Monday, March 13, 2017

UK Parliament Gives Final Approval For Brexit

UK Parliament Gives Final Approval for Brexit

UK lawmakers have signed off on legislation that will allow the UK to formally exit the European Union.

The House of Lords has passed legislation without amendments that it had previously added to the law. The lower house, the House of Commons, had erased the changes made by legislators in the House of Lords. The peers have caved in to House of Commons pressure, which on Monday voted against amendments to guarantee the rights of millions of EU citizens living in the country after Brexit as well as giving Parliament veto powers over a final Brexit deal.
A spokesman for Prime Minister Theresa May said the PM would prefer the bill to be passed unamended. "We've also been clear throughout that we are determined parliament will be engaged all the way through the process and afterwards," a spokesman said on Monday. 
It has been 262 days since Britain shocked the world by voting to exit the EU. On June 23, 2016 about 52 percent of UK voters cast ballots to for the island nation to leave the EU. The full terms of the UK's exit have yet to be negotiated, but much hinges at stake. Particularly, UK citizens and outside observers wonder whether Britain will keep some economic ties with the EU in the form of tariff-free trade, or whether the UK will trade with the EU like any non-EU country under rules stipulated by the World Trade Organization. Another issue is how migrants entering and leaving the UK will be treated.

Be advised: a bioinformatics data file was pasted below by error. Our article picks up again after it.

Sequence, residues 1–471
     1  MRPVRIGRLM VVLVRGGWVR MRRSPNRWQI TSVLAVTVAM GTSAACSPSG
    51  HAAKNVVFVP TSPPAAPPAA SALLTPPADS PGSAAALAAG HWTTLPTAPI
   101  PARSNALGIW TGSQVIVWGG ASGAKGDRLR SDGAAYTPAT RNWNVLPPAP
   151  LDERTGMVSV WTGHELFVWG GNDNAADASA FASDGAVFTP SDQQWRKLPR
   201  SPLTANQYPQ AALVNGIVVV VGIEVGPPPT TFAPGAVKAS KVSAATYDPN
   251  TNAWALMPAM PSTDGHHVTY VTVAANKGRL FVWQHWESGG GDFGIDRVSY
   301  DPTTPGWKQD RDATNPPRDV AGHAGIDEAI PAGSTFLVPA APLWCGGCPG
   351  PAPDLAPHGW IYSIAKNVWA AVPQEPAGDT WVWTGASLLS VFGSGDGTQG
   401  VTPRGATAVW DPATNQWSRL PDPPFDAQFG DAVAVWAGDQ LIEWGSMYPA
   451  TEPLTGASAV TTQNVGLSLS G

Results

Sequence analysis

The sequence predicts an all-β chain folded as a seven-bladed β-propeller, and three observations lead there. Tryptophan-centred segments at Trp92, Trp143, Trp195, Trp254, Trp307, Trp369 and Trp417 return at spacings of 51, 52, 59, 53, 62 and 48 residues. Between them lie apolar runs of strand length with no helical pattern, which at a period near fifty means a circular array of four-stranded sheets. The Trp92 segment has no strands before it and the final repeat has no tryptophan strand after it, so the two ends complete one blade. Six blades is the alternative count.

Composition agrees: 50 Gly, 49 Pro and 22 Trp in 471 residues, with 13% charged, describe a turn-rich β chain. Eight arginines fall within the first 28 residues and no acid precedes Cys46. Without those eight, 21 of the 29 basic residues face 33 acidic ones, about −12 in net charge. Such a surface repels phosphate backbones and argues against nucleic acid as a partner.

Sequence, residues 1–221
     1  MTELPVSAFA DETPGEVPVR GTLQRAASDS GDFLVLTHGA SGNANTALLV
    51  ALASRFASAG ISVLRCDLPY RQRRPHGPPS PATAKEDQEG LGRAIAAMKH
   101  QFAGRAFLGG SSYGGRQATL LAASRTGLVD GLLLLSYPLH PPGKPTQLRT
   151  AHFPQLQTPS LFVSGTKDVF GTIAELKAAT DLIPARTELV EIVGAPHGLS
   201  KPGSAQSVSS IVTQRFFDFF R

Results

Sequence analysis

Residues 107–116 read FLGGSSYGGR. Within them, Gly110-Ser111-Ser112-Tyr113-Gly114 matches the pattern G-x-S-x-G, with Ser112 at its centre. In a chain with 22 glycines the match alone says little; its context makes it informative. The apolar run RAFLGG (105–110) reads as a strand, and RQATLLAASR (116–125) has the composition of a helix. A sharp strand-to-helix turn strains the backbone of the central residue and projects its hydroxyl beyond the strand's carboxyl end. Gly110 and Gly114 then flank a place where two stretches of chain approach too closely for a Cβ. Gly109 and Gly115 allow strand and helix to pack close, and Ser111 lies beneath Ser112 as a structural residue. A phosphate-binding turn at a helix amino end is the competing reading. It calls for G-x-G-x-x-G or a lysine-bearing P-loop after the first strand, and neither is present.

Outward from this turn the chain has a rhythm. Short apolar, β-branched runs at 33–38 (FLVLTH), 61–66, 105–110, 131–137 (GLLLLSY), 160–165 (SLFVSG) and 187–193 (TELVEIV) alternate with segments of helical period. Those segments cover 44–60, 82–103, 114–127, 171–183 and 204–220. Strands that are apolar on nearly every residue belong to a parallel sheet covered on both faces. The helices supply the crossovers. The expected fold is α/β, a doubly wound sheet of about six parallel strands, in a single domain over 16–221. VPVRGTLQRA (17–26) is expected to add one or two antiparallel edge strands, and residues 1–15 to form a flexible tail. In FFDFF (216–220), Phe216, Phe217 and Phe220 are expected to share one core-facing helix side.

The EU has said that it will respond to Britain's formal notice to leave within 48 hours, Sputnik reported. 
The next step for the legislation is royal assent, which could happen as soon as Tuesday morning. From there, Prime Minister Theresa May is free to trigger the UK's divorce from one of the world's largest economic unions. The final break could happen in the final week of March, which her spokesman confirmed.
From there, May would begin a two-year negotiation period, as stipulated in Article 50 of the EU's Lisbon Treaty. One hurdle that has been placed in May's path comes from Scottish First Minister Nicola Sturgeon, who is calling for another independence referendum in 2018 or early 2019 depending on how the terms of Brexit play out. 

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